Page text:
Write down your favorite vegetables, proteins, and carbs, then choose one from each category for a balanced meal.
Save money with similar recipes
When picking recipes, try to choose meals with similar ingredients. For example, I make similar recipes that use miso paste for one week and then shift to foods with curry powder. Doing this ensures I’m using up my ingredients while keeping myself entertained with entirely new flavors.
Make an inventory
List what you have (don’t worry, we all have five bottles of mustard). Then, check the fridge, freezer, and pantry. Trash spoiled or expired food.
💡 ADHD-friendly tip: If this sounds miserable, try watching a fridge clean-out or pantry restocking video while you do it.
Write a plan
Decide your plan length. We recommend starting with a week or less and scheduling takeout and leftover nights. Keep your plan somewhere you’ll see it, like the kitchen.
Keep a running checklist of ingredients and check your inventory before shopping. Add to your list whenever you use up something.
It’s okay if you need to reevaluate. Don’t beat yourself up—just start again and adapt your plan as needed.
Meal prepping doesn’t always mean having a full dinner ready when you get home. Sometimes it’s just giving yourself fewer options to reduce overwhelm.
Prep in batches
Try to cook or prep for several meals in one go. This works well with one-pot meals like soups or casseroles to freeze. It’s also helpful when making easy-to-assemble building blocks like taco meat, chicken, hard-boiled eggs, rice, or beans.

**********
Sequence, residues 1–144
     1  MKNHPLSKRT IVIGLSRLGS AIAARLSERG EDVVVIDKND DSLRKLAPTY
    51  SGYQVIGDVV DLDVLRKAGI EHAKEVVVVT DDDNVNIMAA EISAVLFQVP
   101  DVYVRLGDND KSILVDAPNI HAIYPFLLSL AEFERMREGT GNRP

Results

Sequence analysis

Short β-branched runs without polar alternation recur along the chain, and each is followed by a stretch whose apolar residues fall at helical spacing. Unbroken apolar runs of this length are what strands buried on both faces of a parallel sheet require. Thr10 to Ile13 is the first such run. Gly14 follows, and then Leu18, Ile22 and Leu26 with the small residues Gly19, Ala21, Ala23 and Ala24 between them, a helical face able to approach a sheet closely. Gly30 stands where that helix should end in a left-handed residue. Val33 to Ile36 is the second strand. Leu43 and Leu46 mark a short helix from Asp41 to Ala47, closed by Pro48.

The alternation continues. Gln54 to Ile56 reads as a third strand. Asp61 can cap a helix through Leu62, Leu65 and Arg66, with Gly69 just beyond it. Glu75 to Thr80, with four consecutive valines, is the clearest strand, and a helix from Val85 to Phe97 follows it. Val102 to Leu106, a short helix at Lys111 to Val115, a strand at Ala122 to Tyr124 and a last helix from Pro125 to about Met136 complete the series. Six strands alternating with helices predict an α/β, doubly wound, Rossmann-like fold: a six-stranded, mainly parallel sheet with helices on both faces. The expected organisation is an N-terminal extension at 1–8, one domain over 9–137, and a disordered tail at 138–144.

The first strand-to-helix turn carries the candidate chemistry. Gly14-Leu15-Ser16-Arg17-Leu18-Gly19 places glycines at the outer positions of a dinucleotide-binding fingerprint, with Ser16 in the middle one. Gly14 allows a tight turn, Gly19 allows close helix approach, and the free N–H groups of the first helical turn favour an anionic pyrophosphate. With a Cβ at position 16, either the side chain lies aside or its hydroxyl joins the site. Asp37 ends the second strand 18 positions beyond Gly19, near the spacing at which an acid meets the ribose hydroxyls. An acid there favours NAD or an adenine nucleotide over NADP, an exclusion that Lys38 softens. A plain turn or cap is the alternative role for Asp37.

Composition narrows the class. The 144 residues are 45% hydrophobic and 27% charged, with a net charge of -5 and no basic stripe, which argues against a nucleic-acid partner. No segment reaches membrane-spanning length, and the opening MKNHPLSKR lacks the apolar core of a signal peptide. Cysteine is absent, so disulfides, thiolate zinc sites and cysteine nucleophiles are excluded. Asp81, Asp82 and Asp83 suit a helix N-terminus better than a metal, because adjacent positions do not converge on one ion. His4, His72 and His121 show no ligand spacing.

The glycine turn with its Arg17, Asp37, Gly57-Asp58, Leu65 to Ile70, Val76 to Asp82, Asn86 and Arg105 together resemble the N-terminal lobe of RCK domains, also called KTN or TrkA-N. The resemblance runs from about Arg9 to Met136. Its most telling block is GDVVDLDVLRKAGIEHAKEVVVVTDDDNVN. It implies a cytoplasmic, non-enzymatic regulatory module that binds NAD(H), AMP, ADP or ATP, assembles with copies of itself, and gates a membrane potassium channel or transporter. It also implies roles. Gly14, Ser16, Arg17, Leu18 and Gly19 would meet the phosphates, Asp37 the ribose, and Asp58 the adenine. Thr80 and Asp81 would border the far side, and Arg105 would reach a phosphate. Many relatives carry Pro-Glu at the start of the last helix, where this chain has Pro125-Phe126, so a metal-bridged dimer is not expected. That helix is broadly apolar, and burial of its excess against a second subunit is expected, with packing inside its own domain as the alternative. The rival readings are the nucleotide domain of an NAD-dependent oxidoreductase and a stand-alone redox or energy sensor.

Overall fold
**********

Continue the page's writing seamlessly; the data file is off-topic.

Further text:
Try batching for breakfast with a quiche or yogurt parfaits.
8 ADHD meal planning hacks
Grocery shopping hacks
- Choose salad kits or pasta with protein for simple, balanced meals.
- Outsource what you find challenging with pre-cut, cooked, or assembled foods.
- Frozen produce lasts longer than fresh veggies and is often more nutritionally dense.
- Carry your inventory with you: Use phone notes or a grocery app, like Out of Milk or Pantry Check, to avoid buying a fourth bag of cinnamon you won’t ever use up. (Or try a meal-planning template for Notion.)
- Order groceries online to bypass impulse buys and ensure you don’t forget any ingredients.
Meal prep hacks
- The hardest part of meal prep is getting started, so If I’m chopping an onion, I cut several and freeze them.
- If you can, double recipes to freeze or have leftovers for later.
- If you have them, use appliances like food processors, slow cookers, or air fryers to make life easier.
Pivot your process
Embrace grace and flexibility. You may have tried meal planning before and gotten frustrated. If it’s not working, reevaluate:
- Are your recipes over-complicated?
- Do you have a partner or roommate who can prepare some meals?
- Could you use body doubling to help you get started?
- Can you double your recipes to have freezer meals on hand?
❤ Remember: It doesn’t have to be fancy or complicated. The important thing is that you're feeding yourself and your loved ones in a way that works for you.